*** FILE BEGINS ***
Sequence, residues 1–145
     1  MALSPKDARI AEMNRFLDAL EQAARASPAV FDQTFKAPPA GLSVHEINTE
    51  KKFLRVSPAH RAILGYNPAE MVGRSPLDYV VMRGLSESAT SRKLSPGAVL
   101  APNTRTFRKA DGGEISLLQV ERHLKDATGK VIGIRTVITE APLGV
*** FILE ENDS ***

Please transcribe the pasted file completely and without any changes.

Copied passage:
Sequence, residues 1–145
     1  MALSPKDARI AEMNRFLDAL EQAARASPAV FDQTFKAPPA GLSVHEINTE
    51  KKFLRVSPAH RAILGYNPAE MVGRSPLDYV VMRGLSESAT SRKLSPGAVL
   101  APNTRTFRKA DGGEISLLQV ERHLKDATGK VIGIRTVITE APLGV